The cop claimed he feared for his life because Price was trying to take his taser. But friends of Price who witnessed the shooting said he was merely trying to maintain his balance after being jolted by the taser.

The incident took place on October 3, 2020 and Lucas was arrested on murder charges within two days and fired a short time after that.

But last month, after almost two years behind bars, an all-White jury acquitted the former cop, even after watching the bodycam video showing Price was never a threat to the cop.

The video also shows that Lucas was not even sure if Price was involved in the fight before he pulled out his weapons and started barking orders, turning to a bystander and asking “is he the one?”

And it shows that Price appeared to be the only Black person in a crowd of White and Hispanic males standing in front of the store when he pulled up, the only person he insisted on handcuffing before he could start gathering facts.

The body camera video which was released to the public after the verdict shows Price appeared to be wanting to tell the cop his side of the story. But Lucas did not want to hear anything from Price until he was handcuffed and detained.

Now attorney Lee Merritt who represented Price’s family said he will ask the United States Department of Justice to file criminal charges against Lucas.

“The jury’s verdict goes against the weight of the evidence and leaves black Texans exposed to state sanctioned violence,” he tweeted. “We are appealing to the Department of Justice to intervene and bring federal criminal charges.”

Lucas’ attorneys testified their client acted in self-defense and had no other choice to shoot “because he was terrified.”

Prior to his death, Price was well-known in Wolfe City for his friendly demeanor, a town of about 1,500 people about an hour northeast of Dallas. He had played football in high school and college and was working for the city’s public works department.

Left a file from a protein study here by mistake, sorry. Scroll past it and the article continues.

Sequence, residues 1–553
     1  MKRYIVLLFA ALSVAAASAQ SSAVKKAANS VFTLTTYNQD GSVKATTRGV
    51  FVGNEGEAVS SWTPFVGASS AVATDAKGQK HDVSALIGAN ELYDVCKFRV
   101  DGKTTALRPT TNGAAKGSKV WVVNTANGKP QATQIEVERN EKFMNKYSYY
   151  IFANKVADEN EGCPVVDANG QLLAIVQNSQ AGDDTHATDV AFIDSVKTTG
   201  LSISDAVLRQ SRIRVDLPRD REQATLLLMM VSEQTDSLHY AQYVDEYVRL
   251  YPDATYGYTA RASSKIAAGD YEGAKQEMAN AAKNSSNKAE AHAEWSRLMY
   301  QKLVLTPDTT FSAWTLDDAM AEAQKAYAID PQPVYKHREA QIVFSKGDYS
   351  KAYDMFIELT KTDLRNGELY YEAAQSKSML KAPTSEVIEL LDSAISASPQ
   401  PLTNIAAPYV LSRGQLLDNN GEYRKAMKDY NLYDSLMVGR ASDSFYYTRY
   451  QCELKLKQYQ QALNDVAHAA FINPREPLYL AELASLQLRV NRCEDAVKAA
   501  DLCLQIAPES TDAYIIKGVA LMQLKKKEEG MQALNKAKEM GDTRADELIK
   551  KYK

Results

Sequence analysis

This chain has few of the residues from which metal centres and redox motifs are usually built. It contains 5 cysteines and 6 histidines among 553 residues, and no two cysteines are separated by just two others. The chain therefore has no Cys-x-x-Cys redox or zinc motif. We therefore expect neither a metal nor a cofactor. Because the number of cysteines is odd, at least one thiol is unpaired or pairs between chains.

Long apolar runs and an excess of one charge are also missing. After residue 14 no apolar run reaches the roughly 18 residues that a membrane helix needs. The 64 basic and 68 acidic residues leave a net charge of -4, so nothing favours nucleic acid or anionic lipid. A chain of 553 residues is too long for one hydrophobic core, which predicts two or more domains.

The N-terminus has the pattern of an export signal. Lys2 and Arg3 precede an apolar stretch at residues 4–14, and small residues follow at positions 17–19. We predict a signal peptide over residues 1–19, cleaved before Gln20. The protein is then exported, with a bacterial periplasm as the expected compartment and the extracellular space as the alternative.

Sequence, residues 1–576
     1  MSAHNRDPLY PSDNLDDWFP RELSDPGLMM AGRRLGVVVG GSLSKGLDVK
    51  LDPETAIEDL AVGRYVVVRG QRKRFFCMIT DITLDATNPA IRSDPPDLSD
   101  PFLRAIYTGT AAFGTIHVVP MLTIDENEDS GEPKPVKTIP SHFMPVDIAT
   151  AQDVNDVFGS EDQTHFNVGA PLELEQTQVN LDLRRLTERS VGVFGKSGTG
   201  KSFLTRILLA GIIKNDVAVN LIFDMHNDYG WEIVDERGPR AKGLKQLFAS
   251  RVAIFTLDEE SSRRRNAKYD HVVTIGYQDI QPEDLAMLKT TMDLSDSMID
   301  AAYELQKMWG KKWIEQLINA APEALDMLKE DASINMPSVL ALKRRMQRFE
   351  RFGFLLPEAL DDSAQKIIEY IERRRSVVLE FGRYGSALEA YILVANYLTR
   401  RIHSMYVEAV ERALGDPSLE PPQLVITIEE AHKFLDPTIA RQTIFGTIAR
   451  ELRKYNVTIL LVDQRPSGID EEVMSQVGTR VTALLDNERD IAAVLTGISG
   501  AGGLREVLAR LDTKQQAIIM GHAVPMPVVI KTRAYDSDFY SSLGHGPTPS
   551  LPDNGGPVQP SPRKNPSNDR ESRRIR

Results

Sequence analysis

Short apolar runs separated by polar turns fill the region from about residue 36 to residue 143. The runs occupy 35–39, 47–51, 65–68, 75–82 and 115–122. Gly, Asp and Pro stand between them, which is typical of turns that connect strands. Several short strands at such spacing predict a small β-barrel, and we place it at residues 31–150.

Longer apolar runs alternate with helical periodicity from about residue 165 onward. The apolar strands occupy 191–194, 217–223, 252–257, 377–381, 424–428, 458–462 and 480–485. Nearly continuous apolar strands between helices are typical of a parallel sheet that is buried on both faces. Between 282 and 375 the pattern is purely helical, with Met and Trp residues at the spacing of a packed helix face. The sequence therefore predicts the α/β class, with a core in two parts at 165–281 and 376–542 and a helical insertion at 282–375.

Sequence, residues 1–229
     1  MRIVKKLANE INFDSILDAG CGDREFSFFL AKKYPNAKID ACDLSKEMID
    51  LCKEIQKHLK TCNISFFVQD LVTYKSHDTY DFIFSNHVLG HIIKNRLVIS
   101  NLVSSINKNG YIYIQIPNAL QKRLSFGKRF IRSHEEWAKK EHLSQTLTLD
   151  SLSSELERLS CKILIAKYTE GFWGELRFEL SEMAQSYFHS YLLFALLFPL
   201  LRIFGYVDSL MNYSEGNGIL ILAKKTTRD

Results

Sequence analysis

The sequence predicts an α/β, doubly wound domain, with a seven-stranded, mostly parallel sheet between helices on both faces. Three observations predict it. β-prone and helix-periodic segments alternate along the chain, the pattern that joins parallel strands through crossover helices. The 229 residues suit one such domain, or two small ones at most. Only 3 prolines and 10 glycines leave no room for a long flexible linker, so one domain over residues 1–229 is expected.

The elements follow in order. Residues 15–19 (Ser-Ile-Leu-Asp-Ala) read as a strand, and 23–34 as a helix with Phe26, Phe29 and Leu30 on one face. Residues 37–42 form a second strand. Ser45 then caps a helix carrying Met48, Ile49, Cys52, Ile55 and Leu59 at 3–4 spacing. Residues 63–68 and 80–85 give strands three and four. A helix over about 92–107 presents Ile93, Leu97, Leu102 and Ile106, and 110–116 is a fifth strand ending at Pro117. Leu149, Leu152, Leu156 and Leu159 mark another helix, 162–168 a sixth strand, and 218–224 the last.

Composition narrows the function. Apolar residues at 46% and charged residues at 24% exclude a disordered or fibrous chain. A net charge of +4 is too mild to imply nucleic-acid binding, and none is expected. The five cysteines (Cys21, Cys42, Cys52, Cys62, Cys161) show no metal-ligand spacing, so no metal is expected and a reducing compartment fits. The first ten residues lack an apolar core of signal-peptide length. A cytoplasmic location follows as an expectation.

In June 2020, five months before he was killed, during the height of the George Floyd protests, Price published a Facebook post expressing his support for police.

“There were times i should have been detained for speeding, outstanding citations, out dated registration, dozing off at a red light before making it to my garage downtown Dallas after a lonnng night out. i’ve passed a sobriety test after leaving a bar in Wylie, Texas by 2 white cops and still let me drive to where I was headed, and by the way they consider Wylie, Texas to be VERY racist.

I’ve never got that kind of ENERGY from the po-po

Not saying black lives don’t matter, but don’t forget about your own, or your experiences through growth / “waking up”.

- Advertisement -

It was Price’s trust of police that prompted him to walk up to the cop with his hand extended rather than flee the scene following the fight as the others did, according to Merritt.

But it quickly became apparent that Lucas – who became a Wolfe City police officer in April 2020 – viewed him in a threatening manner from the moment he met him.

The Shooting

Lucas said he attempted to detain Price because he appeared to be under the influence of alcohol.

And it is true that Price had been drinking that night along with two friends he had grown up with; a pair of brothers whose father had passed away. The three men had attended the father’s funeral that night, then had some drinks and then went to the store to buy cigarettes.

One of the brothers, Nicholas Malone, testified that he was inside the store when he heard the sound of glass breaking, then turned to see a man grabbing Price in a bearhug.

He said he and his brother then tried to pull them apart as the scuffle continued for a few seconds. But the man and the woman with him fled in a red Mustang.

Lucas arrived on the scene afterwards and was approached by Price.

“What’s going on brother? You good?” Price asked.

Lucas replied by telling Price, “Back up, stand right there, you understand me?”

Price then asked again if Lucas was “good” and said, “I hope you have a good night tonight.”

And then he said, “I’m sorry about the broken glass right here.”

“You did this?” the cop asked.

“I didn’t do this but he tried to wrap me up and shit,” Price responded.